If you do what you have always done, you will get what you have always had.

Saturday, October 11, 2008


It's not like you'll miss me, since I've been blogging twice a week maximum lately, but I'll be away tomorrow and Monday. Alex and I are going to visit a couple of colleges. Pray for us if you pray, otherwise wish us luck. Let the games begin.


The Every Day Cookbook

The economic downturn has me nesting a little. I'm not just weeding out what we don't need; I'm exploring old sources for doing things. Going low tech is a defense mechanism for me. Looking at what I have for multiple uses is another.

I inherited a number of old books from my grandmother, including two old cookbooks. One is 'The American Woman's Cookbook', copyright 1942, which has not only recipes but also instructions on planning menus, packing lunches, and marketing (grocery shopping, not selling to others). In flipping through it, I found margin notes in Grandma's writing, so I know she used that one. The other book is older and has missing pages, but the header on each page was 'The Every Day Cookbook.' It is also more than a cookbook; more like an almanac or encyclopedia. It reminds me of the 'Better Homes and Gardens New Cookbook' I got as a wedding gift, which has a section on basic nutrition and instructions for chopping onions and other things I took for granted.

Being a sucker for historic detail, I looked up 'The Every Day Cookbook' online. It was written by Miss E. Neill and published in 1889. I could not find any other copyright information until I found a link to Barnes and Noble. Apparently it was reprinted in December 2007. It has some really good information in it, most of which would have been common sense in 1889: Do your own grocery shopping rather than leaving it to your servants (i.e. husband or kids these days?), pay cash unless absolutely necessary, choose only the best produce and meat. Some of it is outdated, such as saving someone from choking by quickly bending the end of a hatpin into a hook and using it to extract the obstruction. That one makes me shiver!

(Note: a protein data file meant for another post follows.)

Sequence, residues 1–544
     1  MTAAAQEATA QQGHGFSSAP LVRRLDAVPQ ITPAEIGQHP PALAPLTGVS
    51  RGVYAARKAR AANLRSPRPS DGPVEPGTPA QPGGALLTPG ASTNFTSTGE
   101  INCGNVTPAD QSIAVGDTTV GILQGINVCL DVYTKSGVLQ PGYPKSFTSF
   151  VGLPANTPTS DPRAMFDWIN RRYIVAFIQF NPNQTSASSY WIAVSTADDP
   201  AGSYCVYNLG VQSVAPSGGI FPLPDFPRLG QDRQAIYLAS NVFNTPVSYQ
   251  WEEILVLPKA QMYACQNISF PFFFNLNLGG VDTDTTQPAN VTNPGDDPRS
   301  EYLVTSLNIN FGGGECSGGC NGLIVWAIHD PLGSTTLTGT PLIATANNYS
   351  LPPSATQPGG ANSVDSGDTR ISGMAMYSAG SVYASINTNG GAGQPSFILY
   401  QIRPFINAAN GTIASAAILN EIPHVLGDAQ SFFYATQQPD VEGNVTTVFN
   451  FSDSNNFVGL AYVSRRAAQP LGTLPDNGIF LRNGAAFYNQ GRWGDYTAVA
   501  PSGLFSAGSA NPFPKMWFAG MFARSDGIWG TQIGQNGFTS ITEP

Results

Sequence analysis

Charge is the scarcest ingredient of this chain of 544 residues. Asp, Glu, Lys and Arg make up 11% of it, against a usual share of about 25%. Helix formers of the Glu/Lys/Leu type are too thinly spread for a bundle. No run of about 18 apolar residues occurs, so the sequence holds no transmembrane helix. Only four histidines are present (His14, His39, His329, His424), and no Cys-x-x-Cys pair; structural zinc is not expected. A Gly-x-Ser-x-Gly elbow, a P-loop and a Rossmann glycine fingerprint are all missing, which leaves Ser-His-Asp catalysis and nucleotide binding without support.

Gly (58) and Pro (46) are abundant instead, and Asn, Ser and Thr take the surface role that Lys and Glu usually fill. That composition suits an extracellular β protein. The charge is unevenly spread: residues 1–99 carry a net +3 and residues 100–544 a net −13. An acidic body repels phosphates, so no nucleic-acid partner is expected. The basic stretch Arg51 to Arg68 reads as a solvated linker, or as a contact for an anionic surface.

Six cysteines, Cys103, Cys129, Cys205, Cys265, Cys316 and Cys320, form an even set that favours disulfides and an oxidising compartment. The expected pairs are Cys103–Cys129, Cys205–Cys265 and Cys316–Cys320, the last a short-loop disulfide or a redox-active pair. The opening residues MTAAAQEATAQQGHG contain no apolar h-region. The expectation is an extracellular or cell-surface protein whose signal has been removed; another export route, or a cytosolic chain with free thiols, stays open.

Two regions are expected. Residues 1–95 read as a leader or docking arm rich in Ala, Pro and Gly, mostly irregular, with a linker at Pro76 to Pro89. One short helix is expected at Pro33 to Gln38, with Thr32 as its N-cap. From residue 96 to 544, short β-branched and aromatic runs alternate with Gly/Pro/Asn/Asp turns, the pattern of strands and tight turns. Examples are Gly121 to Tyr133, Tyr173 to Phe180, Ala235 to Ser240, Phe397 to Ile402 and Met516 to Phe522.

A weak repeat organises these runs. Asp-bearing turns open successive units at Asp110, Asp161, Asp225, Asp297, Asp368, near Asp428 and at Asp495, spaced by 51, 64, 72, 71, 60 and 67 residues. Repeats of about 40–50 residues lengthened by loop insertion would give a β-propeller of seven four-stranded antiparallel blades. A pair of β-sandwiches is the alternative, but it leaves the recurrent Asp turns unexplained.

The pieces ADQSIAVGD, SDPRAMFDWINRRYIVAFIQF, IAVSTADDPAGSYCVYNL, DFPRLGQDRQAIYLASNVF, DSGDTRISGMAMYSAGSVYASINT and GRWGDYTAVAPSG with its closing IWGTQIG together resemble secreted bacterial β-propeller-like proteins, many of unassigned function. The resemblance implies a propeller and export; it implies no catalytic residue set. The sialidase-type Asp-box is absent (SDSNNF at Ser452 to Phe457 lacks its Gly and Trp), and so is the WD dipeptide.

I'm considering buying a new copy to have for reference so I don't trash my original, although I may wait to see if I get it for Christmas. If the gloom and doom the news portents comes to pass, we may all find ourselves going back to the way things were done in 1889.

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Thursday, October 09, 2008


I'm almost embarrassed to admit this, but I've signed up with Twitter*. I only did it to help Holly Lisle celebrate her birthday, and a lot of my online writer friends signed up, too. I stayed away from it because it just seemed silly. My life is totally not exciting; who cares what I'm doing right this minute?

My online friends, evidently. I have found that context makes a big difference. I've read Twitter feeds from others' blogs and they just seem random and irrelevant. On my own page, it's like an on-going chat session. Here's my link if anyone wants to have a peek, but it's not any more interesting than what you find here. :-D

*If you're not familiar with Twitter, it's sort of a hybrid of blogging and instant messaging. It's also highly addictive.


Sunday, October 05, 2008

Getting shorter

Not me; the days. This is the first year I've noticed it before daylight savings time ends. (First weekend in November, BTW, if you care.) I'm up by 6:30 during the week, and it's barely dawn now. Anything that needs to be done has to be finished before dinner because by 6:00 p.m. I'm a lump. It's pitiful. I can't ever remember being ready to go to bed that early without being sick. My energy is sapped in spite of the lovely weather, which tells me I probably need to pay close attention to my diet and get my lazy arse out walking every day. I'm open to suggestions at this point.

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